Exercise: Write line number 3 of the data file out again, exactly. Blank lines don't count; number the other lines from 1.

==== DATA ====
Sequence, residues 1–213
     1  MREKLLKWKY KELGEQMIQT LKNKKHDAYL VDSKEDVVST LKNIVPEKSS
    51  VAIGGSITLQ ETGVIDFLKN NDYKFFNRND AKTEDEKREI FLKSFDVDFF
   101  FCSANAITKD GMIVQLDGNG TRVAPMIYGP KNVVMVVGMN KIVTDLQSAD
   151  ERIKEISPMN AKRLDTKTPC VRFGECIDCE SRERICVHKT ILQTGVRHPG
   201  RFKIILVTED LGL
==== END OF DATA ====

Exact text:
    51  VAIGGSITLQ ETGVIDFLKN NDYKFFNRND AKTEDEKREI FLKSFDVDFF